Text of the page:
Tax revenue is projected to grow at three-point-eight percent. Majority Leader Jack Whitver says Senate Republicans believe that’s sufficient and agree with the governor on income tax cuts. The Senate GOP also wants to reduce county property taxes by having STATE taxes cover mental health system costs.

(As above) “Most states across the country use state funds to pay for mental health,” Whitver says, “and we have a system that has locked in mental health funding for over 20 years on property taxes.”

Whitver says Senate Republicans are not going to wait to find out if federal pandemic relief money being sent to the State of Iowa prevents the legislature from cutting taxes.

(As above) “We want to reduce taxes and I don’t want to wait another year. I mean, I don’t think Iowans want us to wait another,” Whitver says. “…We’re not going to let Nancy Pelosi, Chuck Schumer and Joe Biden tell us what we can do with taxes in the state of Iowa.” 

Whitver and Grassley made their comments during separate appearances on “Iowa Press” on Iowa PBS.

April 13, 2021 - 1:41 pm - Posted in News

Statewide Iowa — As the COVID-19 vaccine supply continues to increase, more appointments are opening — but getting to those appointments can be challenging for those who are unable to leave their homes without assistance. Harrison March is with the Heritage Area Agency on Aging.

(As above) “It’s a big hurdle to figure out exactly how to get people to a clinic to a central location where there are one thousand vaccines for people in town,” March says. ” And it’s not as easy to allocate the resources on the other end to get to individual homes and do one person at a time.” 

The state’s has six regional agencies — and March says some do have the resources to help homebound residents.

(As above) “There are some areas where there’s assisted transportation that can accommodate a wheelchair for someone who needs to get assistance from door to door as well as have that larger space to travel inside of a vehicle,” March says.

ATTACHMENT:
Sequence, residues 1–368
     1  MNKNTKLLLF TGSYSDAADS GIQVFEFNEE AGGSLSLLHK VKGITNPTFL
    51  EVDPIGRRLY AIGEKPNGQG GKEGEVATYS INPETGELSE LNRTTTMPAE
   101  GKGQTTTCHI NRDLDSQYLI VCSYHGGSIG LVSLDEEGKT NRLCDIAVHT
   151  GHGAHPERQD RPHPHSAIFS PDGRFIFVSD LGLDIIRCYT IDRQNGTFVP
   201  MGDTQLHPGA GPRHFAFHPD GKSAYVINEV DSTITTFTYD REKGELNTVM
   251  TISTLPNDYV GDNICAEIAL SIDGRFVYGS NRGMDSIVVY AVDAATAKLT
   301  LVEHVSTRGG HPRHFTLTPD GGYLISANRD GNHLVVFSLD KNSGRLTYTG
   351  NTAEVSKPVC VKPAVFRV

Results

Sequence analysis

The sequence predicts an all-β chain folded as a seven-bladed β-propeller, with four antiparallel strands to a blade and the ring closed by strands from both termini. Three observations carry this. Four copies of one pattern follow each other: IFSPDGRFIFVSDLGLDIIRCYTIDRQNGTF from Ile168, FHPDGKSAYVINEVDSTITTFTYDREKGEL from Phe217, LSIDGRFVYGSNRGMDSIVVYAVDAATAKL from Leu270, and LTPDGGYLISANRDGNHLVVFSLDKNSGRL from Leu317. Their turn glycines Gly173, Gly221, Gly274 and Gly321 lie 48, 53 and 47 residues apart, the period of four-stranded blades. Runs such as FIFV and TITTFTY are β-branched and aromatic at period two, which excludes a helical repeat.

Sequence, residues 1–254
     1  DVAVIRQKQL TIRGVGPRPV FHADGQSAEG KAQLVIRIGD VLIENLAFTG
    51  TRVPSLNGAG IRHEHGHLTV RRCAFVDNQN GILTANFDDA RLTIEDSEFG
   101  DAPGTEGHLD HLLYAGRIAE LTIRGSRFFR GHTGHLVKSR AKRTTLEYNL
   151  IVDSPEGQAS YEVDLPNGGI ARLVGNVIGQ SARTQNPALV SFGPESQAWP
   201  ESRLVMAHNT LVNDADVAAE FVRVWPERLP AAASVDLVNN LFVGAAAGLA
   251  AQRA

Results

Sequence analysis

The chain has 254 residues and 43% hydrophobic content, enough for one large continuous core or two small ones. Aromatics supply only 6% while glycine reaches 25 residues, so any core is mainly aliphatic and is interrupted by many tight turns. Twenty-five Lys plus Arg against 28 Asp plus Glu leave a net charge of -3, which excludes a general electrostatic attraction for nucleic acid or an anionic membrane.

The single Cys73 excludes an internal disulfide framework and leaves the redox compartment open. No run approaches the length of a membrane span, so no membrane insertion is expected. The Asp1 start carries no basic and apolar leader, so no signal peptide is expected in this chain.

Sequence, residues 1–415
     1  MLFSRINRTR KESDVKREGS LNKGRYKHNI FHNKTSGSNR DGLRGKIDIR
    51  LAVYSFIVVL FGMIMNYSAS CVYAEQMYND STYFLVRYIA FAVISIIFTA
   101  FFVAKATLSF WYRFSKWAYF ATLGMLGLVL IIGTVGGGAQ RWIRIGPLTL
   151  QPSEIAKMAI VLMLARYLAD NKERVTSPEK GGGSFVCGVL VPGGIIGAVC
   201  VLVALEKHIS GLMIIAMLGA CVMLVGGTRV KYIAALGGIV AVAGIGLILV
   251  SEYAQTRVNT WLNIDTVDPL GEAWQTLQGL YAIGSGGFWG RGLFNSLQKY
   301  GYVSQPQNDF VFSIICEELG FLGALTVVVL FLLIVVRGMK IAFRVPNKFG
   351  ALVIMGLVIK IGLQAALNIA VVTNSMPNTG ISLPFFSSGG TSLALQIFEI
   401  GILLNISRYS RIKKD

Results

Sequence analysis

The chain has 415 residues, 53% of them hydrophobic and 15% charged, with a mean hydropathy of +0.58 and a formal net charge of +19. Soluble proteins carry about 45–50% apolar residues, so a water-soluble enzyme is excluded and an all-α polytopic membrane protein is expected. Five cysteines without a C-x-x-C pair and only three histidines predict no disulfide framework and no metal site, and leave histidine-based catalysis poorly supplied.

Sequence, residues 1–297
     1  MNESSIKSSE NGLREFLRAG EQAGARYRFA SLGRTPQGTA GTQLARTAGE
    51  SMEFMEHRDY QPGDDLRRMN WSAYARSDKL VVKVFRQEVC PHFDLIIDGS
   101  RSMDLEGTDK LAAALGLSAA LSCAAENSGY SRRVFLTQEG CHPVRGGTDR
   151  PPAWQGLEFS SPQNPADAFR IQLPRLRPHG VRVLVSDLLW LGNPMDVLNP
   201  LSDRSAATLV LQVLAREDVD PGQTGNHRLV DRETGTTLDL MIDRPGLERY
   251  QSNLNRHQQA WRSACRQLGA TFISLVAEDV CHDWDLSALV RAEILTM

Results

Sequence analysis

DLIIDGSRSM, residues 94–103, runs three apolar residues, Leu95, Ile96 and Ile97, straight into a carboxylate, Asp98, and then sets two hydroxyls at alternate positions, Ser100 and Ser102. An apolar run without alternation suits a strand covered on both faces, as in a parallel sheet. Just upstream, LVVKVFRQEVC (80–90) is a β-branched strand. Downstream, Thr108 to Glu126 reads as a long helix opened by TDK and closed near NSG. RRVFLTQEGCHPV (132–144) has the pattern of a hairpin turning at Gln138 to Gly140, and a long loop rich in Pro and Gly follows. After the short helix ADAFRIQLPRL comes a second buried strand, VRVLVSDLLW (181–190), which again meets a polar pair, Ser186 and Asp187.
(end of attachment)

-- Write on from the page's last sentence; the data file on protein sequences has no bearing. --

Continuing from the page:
March says if you need help in getting a vaccination, have your caregiver call the local Area Agency on Aging.

April 13, 2021 - 12:46 pm - Posted in News

Statewide Iowa — A new phone scam is surfacing in parts of Iowa where the caller claims to be from Amazon-dot-com.

The caller starts by saying you’ve made a purchase, of say, 500-hundred to 15-hundred bucks. The supposed Amazon rep then threatens to turn you over to the fraud division of the Federal Trade Commission if you don’t pay up. Don’t pay up! It’s a scam! Amazon will email you personally, with your name, if there is a problem with your account. Don’t wire or mail money to someone you don’t know. Don’t deposit a check from someone you don’t know and wire the money back, no matter how good a tale they tell. If anyone calls you about that, or wanting any personal info, just hang up and contact the FTC at ftc.gov/complaint.

As always, if you think you’ve been scammed, call your local police department and report it.

Statewide Iowa — The Iowa Department of Public Health is putting a hold on the use of the Johnson & Johnson COVID-19 vaccine.

The move by the state health department comes after the Centers for Disease Control or “CDC” and the FDA announced they are reviewing data involving six reported US cases of a rare and severe type of blood clot in people who received the J&J vaccine. Federal officials say the adverse events appear to be extremely rare. The CDC and FDA plan to provide additional information later. Iowa has used part of its allocations of the one-dose J&J vaccine for college students in an effort to get them vaccinated before the end of the semester.

The O’Brien County Public Health Department had scheduled a mass vaccination clinic at the Crossroads Pavilion in Sheldon on Thursday, April 15th. The vaccine to be administered at this mass vaccination clinic was to have been the Johnson & Johnson vaccine. O’Brien County Emergency Management Director Jared Johnson says it’s likely the clinic will have to be canceled. He says they were also going to administer the second dose of Moderna vaccine to people who need it that day, and that could happen. At last report, Johnson was waiting on more information and confirmation from the Public Health Department.

Osceola County Health Services gave out 120 doses of the Johnson & Johnson vaccine last week, and many doses of the vaccine have been administered by Sioux County health officials including several hundred doses of the J&J vaccine to plant workers last month. Governor Reynolds and her husband Kevin also received the J&J vaccine at the beginning of March.